What solo albums by musicians primarily associated with being members of a long-running band would you recommend my boy check out? Don’t suggest Van Morrison, because he spent his first couple of years in Them. Likewise, as I remember perceiving things at his age, my son still thinks of and likes Lou Reed as a solo artist before thinking of him as the guy from the Velvet Underground.

Jun 082016

I’ve heard people say they think there’s something wrong with this video. I mean, it sounds like a note for note copy of a Bon Jovi song to me. It’s utterly, completely perfect, and I can’t tell the difference between this and an original Bon Jovi song. Am I missing something?

Jun 052016

Axis came out in early 1968, and I probably got it within a few months of that. I’m not sure how familiar I was with Hendrix at the time but I remember the album being pretty cheap at Korvette’s and so picked it up. It was on Track Records and so was an import of some kind; why it was at Korvette’s or cheap I don’t know. I loved it immediately and still do. No other Hendrix album has replaced it for me. There’s that period bit “EXP” opener, the jazzy “Up From The Skies,” the heavy psych of “Spanish Castle Magic,” the funky pop of “Wait Until Tomorrow” (with the great opening line “Well, I’m standing here freezing, inside your golden garden”), the classic rock of “Little Wing,” the ’60s philosophy of “If 6 Was 9,” and on and on. I even love Noel Redding’s contribution, “She’s So Fine.”

It’s an album that’s a perfect hyphenate: pop-rock-jazz-funk-blues. Deep & frothy. Heavy & light.

And so it’s always been my favorite Hendrix album but I can’t help thinking: “How much of that is because it was the first?” I don’t feel like I hear this opinion too often. Are You Experienced? or more often Electric Ladyland are what you hear about, but I’ll take Axis over either of those.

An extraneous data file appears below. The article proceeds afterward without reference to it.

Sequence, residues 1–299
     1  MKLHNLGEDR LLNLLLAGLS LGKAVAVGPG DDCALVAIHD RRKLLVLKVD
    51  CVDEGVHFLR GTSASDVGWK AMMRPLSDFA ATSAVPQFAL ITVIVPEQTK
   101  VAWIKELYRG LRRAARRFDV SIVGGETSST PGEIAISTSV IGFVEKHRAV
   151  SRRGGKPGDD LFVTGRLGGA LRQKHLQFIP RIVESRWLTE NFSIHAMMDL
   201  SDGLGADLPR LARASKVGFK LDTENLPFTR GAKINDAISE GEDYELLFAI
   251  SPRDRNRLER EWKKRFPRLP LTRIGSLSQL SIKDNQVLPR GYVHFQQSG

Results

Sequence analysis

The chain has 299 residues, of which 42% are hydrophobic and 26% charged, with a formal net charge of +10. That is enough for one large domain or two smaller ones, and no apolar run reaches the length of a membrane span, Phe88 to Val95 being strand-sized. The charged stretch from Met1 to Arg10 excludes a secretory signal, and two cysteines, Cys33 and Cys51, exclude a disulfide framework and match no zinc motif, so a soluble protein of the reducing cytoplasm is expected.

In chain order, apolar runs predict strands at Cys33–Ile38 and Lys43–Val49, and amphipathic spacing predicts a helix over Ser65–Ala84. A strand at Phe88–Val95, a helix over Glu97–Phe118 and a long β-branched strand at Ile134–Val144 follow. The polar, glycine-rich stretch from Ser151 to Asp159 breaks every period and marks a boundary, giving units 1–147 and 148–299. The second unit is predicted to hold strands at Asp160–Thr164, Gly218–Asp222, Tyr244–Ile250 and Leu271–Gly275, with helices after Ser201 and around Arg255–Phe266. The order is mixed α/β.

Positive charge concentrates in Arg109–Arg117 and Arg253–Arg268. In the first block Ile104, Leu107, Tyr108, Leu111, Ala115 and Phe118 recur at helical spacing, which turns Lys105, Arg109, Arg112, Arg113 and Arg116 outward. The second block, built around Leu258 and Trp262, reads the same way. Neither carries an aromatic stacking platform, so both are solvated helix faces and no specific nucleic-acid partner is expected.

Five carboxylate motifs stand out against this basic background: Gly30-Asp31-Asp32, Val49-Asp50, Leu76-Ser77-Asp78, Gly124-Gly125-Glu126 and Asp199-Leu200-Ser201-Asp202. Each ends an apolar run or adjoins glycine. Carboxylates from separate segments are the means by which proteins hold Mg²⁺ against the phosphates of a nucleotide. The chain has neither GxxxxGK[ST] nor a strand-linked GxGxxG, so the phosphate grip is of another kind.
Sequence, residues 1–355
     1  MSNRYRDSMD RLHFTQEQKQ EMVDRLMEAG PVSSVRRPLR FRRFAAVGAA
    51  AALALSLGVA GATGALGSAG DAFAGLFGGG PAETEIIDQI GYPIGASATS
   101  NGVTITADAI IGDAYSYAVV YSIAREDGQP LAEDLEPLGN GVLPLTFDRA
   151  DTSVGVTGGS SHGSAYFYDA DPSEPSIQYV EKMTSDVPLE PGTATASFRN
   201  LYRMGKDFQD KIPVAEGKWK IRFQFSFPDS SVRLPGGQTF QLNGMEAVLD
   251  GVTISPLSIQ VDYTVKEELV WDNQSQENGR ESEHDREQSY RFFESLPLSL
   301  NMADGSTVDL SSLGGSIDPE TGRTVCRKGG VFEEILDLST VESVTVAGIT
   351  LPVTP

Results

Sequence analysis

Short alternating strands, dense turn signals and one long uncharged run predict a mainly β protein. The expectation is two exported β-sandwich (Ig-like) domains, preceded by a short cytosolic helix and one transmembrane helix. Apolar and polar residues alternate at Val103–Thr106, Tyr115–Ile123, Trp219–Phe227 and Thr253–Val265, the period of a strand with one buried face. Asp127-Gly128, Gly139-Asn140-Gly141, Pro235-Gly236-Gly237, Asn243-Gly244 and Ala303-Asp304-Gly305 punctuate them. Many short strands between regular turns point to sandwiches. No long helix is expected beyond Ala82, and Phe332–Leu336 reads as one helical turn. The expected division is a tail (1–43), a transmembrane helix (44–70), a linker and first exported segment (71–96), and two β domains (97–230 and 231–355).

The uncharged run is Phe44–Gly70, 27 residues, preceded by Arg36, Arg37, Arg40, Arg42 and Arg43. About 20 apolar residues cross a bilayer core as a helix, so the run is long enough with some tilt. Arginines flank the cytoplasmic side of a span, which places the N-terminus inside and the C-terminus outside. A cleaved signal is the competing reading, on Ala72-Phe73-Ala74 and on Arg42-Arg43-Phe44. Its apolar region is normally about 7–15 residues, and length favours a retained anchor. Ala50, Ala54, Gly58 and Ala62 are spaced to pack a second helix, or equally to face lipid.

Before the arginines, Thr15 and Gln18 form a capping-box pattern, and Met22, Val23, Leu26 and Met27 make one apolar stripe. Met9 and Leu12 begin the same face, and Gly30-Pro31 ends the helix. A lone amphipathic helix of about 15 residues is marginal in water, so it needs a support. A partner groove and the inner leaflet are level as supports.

What do you think? Am I right or wrong? And do you have analogous “first” albums by other artists where you feel the blush of first love may be coloring your rock-crit bona fides?

Jun 012016


On Facebook, that scourge of Rock Town Hall, I got sucked into pissing off modern-day Monkees devotees over their celebration of some article declaring The Monkees as the “Motown of Rock.” This is the kind of shooting-fish-in-a-barrel nonsense that makes me think it’s time to build a new church, a new congregation from the wonderful materials we’ve developed here. As I just got done telling some legendary digital Power Pop Nerd, if he wants to compare the Monkees to The Supremes or The Temptations be my guest. I’ll keep my mouth shut and not say something pissy like, “Well, let’s not go crazy, they’re more like Martha & The Vandellas…” For all our hard work, the core belief that Greatness is somewhat better than Goodness has failed to take root. There must be a way to get these people back on the path toward Greatness, despite how far they’ve strayed from said path.

Where the Motown comparison falls apart, and where the myths of The Monkees being “fake” crumble, is in the nagging fact that less than two years after forming, The Monkees deliberately stepped out of the star-making machinery that created them and assumed creative control of their music and image. In a particularly rock ’n’ roll move, Mike Nesmith sealed the contentious break with the band’s puppet-master Don Kirshner (ironically, a Hall Of Fame inductee in part for creating The Monkees and The Archies), by putting his fist through a wall while shouting to Kirshner, “That could have been your face!” From there, the band started writing, playing and touring in earnest (hand-picking then relatively unknown Jimi Hendrix as their opening act, no less). Once they started calling their own shots, they made their most critically acclaimed album, Headquarters, which Mojo called “a masterpiece of ’60s pop.”

It occurred to me that the annual beef that The Monkees are getting shafted by not being inducted into the Rock ‘n Roll Hall of Fame may be tops among Rock’s First-World Issues. Is there no better sign of Rock Entitlement than the energy one expends on that topic? What other First-World Issues in Rock come to mind?